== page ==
From 100 feet below him Murphy heard Jack Hogan weakly call out: “Murphy, where is all the smoke…? Send me a cage, I am suffocating to death.”
Instead, the desperate men aboard the cage signaled to be hoisted up. “These are the last words I heard from him,” Murphy later testified.
The blast hit the Kentuck equally hard. Rogers and Clooney were at the 800-foot level in that mine when the noxious gale engulfed them, dousing their candles. Blindly, the miners groped toward the Crown Point shaft. Rogers—who had cut his teeth as a Forty-Niner 20 years earlier—somehow made the shaft and ascended. Clooney fell behind, asphyxiated and died.
As dreadful as the events in the Yellow Jacket and Kentuck were, they played second fiddle to the nightmare unfolding in the Crown Point. The second cage had just passed the 700-foot level in its descent—having let off miners at various stations along the way—when the torrent hit. At the 800-foot level they came upon fellow miners gasping and choking in the smothering smoke. The Bickle brothers—James, George and Richard, strong young men from Yorkshire, England—were among them. The Englishmen and the others rushed to the cage but to their horror realized they would not fit. As the bell was pulled and the cage rapidly hoisted up, the men waited in darkness.
Thirty seconds later the cage reached the surface in a cloud of smoke. Once the men were clear, the engineers sent the cage back to the 800-foot level. Leaving brother James behind, George and Richard Bickle and just four others managed to stumble into the cage before someone pulled the bell. By the time they surfaced, only George drew breath. Although unconscious, he had an iron grip on the body of older brother Richard, who had slumped down while riding the cage. Having leaned too close to the edge, Richard had his head taken off at the jawline, and his left arm hung by a shred.
By then the air was alive with steam whistles, summoning firemen from Gold Hill, who blasted a stream of water down the Yellow Jacket shaft. As panic ensued, all of Storey County seemed to turn out. Father Pat Manogue came from St. Mary’s of the Mountains. Newspaperman Alfred Doten of the Gold Hill Daily News skipped breakfast and made for the mines. The families of the miners rushed to their loved ones, including the former Ann Hall, recently married to Kentuck miner Anthony Toy. Soon fire engines No. 3, 4 and 6 arrived from Virginia City. At about 9:30 a.m. the Kentuck cleared of smoke. Tom Smith, who had charge of the ropes, and another man descended into its shaft. A half hour later they emerged with the bodies of two men found at the 700-foot station: 30-year-old Patrick E. Quinn and 25-year-old Toy. After only 20 days of marriage Ann Toy was a widow. She wasn’t alone in her grief. Doten described “so many women hurrying wildly…at the scene of the disaster, loudly weeping or eagerly inquiring after the safety of those near and dear to them.”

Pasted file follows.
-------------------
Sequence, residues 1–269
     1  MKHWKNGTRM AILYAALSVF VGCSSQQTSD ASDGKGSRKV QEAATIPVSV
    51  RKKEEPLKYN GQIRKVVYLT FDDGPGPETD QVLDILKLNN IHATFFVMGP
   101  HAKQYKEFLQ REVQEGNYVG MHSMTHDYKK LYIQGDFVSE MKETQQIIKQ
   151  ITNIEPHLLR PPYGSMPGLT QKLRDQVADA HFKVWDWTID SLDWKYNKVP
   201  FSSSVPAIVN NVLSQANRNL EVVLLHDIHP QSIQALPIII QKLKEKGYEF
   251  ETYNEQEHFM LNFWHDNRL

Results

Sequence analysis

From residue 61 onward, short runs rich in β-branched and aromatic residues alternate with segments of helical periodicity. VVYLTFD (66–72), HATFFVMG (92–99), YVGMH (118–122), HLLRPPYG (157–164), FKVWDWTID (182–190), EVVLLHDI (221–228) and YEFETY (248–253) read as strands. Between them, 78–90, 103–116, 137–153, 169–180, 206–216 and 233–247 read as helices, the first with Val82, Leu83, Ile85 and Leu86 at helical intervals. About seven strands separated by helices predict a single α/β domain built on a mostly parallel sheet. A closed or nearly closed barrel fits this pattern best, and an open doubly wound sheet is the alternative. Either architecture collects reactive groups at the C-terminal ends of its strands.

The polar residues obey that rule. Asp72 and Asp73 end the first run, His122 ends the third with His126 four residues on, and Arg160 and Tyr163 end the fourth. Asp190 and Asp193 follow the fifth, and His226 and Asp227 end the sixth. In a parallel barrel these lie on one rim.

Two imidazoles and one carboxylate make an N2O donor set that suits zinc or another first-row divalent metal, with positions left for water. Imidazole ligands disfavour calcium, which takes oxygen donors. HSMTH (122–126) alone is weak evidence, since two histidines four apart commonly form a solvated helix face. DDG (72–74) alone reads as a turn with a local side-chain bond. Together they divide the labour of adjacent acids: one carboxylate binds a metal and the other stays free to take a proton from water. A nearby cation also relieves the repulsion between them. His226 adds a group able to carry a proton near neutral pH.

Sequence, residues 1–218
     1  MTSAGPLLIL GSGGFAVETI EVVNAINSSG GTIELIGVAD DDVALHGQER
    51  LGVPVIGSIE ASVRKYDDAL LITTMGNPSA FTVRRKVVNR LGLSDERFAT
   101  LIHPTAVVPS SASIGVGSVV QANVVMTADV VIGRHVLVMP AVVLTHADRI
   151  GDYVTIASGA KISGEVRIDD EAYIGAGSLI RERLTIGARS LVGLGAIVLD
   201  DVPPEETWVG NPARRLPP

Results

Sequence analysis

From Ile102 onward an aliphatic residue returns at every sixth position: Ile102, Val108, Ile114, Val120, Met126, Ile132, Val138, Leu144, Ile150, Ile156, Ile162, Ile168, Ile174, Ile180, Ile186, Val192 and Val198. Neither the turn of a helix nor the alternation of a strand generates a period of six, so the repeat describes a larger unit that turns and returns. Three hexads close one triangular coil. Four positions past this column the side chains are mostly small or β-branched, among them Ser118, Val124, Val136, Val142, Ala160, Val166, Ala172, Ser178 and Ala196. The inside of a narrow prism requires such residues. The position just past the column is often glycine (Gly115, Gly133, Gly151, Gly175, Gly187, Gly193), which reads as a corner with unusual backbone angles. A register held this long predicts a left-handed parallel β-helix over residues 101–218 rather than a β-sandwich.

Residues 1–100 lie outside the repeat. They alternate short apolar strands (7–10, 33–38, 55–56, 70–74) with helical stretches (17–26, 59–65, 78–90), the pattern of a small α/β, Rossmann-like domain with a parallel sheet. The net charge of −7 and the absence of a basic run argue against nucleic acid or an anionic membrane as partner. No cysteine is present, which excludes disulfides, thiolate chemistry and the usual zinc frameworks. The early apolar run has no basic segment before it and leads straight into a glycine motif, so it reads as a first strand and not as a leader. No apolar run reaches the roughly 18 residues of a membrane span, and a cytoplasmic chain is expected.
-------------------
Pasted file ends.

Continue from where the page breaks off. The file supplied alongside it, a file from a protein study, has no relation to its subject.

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As the smoke from the Yellow Jacket abated, Kellogg led down a rescue party of miners and firemen. They returned with four corpses from the 900-foot level. As for the Crown Point, the smoke blew so powerfully that no one dared enter.
Around noon John P. Jones—the industrious former sheriff of California’s Trinity County and current superintendent of the Crown Point and Kentuck mines—had an empty cage sent down the shaft to which was affixed a lighted lantern, a box of candles and a sheet of pasteboard scrawled with the following:
“We are fast subduing the fire. It is death to attempt to come up from where you are. We shall get you out soon. The gas in the shaft is terrible and produces sure and speedy death. Write a word to us and send it up on the cage, and let us know where you are.”
The hoistman lowered the cage to the 1,000-foot level, where a number of miners were known to have been working. Tense minutes passed. When the cage returned to the surface, all could see the lantern had blown out and the candles were untouched, signaling the worst. At that point roll was taken. One man was missing from the Yellow Jacket, four from the Kentuck and 23 from the Crown Point. Counting the six recovered bodies, that brought the death toll to 34.
“This is by far the most appalling, terrible and fatal calamity that has ever happened in the mines of the Comstock ledge,” Doten editorialized, “and not only falls like black clouds of terror over the whole community, but it carries deep sorrow and distress.”